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Coronavirus round-up

Bolsonaro defied over call to end lockdowns

BRAZIL’S state governors are defying president Jair Bolsonaro over his call to reopen schools and businesses, dismissing his argument that the ‘cure’ of shutdowns to contain Covid-19 is worse than the disease. Mr Bolsonaro says the restrictions many governors have put in place will wound the economy and spark social unrest. In a television address, he said: ‘Preserve the elderly; preserve those who have health problems. But nothing more than that.’ But governors said they would continue with restrictions as his orders ran counter to expert advice and endangered lives. The revolt included Santa Catarina state, where the president got 80 per cent of the vote last election.

Shelf isolation… gran finds 24-year-old chocs

A GRANDMOTHER clearing out her kitchen cupboards ready for 12 weeks isolation found a box of Easter chocolates from 1996. Lynn Wade, 62, who has a spinal condition, was making space for provisions when she came across the packet of Snow White’s Seven Dwarfs — bought by her husband John, who died three years ago. ‘Finding them, especially at a time like this, is a nice reminder,’ said Ms Wade, of Queensferry, Flintshire, adding: ‘They were in perfect condition.’

Pair, aged 84 and 66, are the first prisoners to die

AN 84-YEAR-OLD man has become the first UK prisoner to die after contracting coronavirus. Convicted paedophile Edwin Hillier, who was serving his sentence at HMP Littlehey, Cambridgeshire, died in hospital on Sunday. He reportedly had underlying health issues. A second prisoner — a 66-year-old at HMP Manchester who had been receiving end-of-life care -died yesterday after testing positive for Covid-19.

Landlady offers free flat for frontline NHS staff to isolate

Caring: Kay Morgan and dad Douglas PICTURE: SWNS

A kind-hearted landlady is thanking NHS workers by offering her flat for free. Kay Morgan has made her two-bedroom Airbnb property in Prestwick, South Ayrshire, available for medics on the frontline against Covid-19, so they can protect their families from the virus. The mum, 46, wanted to ‘give back’ to the NHS for looking after her dad, Douglas Macdonald, who is in hospital with an infection. She said: ‘Hopefully owners will see what I am doing and we can get people to think about doing the same. Some good has to come from all the bad that is happening right now.’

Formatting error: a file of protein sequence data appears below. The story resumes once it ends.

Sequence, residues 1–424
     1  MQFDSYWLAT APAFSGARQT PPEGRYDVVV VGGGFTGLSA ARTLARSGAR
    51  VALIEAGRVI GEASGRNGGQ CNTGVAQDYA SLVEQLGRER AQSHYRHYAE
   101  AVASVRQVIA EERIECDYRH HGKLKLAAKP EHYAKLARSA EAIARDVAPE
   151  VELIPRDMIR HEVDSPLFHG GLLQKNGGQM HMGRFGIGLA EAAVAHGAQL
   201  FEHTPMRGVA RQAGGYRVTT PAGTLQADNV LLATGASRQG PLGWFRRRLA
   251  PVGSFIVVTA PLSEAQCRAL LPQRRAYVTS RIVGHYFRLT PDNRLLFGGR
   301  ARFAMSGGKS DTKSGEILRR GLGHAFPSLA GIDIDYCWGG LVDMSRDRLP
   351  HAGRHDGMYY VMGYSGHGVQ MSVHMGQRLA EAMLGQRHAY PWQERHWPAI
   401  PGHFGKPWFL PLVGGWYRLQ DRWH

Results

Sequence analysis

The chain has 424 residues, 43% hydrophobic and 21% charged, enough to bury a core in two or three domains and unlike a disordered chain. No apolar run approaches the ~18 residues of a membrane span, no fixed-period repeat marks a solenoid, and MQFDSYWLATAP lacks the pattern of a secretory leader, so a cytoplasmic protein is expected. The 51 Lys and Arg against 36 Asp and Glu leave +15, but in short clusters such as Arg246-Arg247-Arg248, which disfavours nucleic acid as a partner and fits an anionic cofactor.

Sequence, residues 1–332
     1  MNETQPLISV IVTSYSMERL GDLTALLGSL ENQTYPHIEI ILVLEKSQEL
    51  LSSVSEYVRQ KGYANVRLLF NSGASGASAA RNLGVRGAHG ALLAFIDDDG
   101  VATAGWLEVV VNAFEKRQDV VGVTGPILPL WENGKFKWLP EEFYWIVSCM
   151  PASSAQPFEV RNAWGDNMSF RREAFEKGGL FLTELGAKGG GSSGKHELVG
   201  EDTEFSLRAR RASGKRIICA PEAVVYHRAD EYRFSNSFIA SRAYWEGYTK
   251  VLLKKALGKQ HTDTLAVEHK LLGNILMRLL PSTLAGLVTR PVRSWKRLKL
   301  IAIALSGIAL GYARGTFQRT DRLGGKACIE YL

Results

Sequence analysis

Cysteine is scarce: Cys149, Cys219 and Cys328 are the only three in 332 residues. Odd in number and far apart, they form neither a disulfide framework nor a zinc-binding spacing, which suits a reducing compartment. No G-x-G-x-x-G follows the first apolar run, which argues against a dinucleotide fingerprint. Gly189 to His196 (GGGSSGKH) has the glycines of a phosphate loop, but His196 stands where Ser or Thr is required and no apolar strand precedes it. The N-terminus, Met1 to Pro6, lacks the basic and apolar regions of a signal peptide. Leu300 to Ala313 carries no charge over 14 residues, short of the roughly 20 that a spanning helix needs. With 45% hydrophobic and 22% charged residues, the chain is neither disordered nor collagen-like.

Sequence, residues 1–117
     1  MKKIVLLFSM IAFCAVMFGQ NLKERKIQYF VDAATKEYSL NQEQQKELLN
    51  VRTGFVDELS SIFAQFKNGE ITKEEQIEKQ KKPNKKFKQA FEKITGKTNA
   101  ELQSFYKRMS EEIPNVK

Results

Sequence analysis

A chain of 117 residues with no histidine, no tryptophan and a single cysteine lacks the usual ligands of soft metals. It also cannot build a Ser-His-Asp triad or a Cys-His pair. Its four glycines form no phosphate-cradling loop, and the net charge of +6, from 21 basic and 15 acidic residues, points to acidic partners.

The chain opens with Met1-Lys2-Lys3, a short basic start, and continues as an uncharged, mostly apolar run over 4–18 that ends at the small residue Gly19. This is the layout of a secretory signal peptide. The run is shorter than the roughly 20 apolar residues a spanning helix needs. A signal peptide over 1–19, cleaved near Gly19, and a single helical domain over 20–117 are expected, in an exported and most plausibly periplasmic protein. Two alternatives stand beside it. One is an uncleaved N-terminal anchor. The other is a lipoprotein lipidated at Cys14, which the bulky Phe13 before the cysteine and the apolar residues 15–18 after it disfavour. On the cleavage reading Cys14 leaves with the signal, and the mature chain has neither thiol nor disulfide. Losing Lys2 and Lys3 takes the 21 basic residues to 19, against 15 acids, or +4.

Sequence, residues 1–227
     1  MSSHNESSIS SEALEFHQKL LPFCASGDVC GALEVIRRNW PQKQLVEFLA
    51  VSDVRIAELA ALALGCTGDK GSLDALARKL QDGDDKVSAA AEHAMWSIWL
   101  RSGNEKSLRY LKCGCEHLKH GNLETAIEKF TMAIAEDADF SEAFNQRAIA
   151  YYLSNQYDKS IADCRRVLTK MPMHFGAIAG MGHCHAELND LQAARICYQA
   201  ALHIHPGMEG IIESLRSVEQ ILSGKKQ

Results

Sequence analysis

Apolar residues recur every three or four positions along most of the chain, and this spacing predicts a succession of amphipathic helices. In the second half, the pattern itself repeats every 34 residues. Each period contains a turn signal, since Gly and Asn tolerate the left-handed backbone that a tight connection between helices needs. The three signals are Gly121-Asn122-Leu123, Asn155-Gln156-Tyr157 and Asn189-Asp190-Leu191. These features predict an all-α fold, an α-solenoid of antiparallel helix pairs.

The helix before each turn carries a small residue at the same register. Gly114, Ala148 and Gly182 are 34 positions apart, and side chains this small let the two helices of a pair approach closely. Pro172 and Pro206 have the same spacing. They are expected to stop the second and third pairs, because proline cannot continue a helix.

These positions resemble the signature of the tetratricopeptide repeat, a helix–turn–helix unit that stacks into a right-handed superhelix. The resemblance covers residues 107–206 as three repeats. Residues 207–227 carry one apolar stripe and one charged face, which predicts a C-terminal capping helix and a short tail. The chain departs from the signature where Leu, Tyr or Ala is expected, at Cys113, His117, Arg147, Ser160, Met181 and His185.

Giving back: The flat in Prestwick where NHS staff will be able to stay PICTURES: KAY MORGAN/SWNS

Putin: We can beat this in a couple of months

RUSSIA can defeat coronavirus ‘in two to three months’ by imposing tough measures, president Vladimir Putin has said. International flights were suspended yesterday while cafes, restaurants and most shops in Moscow will close from tomorrow. The country reported 182 new cases, its biggest one-day rise, taking the tally to 840. Mr Putin — who has shelved a vote on constitutional changes enabling him to run for office again — also said citizens would not go to work next week. The Royal Navy has revealed it spent about a week shadowing seven Russian warships in waters near the UK earlier this month. It said they were probably sent in reply to a planned Nato exercise that ended up being cancelled.

Medic’s letter of thanks to Belle as poster lifts spirits

Kind act: Belle PICTURE: DUNCAN POWELL/MEDIA WALES

A GIRL of six who made posters to support the NHS was overjoyed when she got a touching letter from an anonymous worker. Belle Powell, of Pontcanna, Cardiff, put pictures of hearts and rainbows in her window. She soon got a note from ‘SK’, who was about to start work in a virus ward. They wrote: ‘I was walking past your house and feeling very sorry for myself when I saw your drawing. ‘I was very scared last night and I was wondering if it was all worth it. ‘Your little drawing made it all feel better and worth it.’ Belle has now put another message in the window — reading ‘Good luck SK’.

■ CHINA is stopping foreigners entering the country to curb virus cases. The foreign ministry said the temporary ban, which excludes diplomats and some ‘necessary’ workers, is in part a response to the ‘practices of other countries’.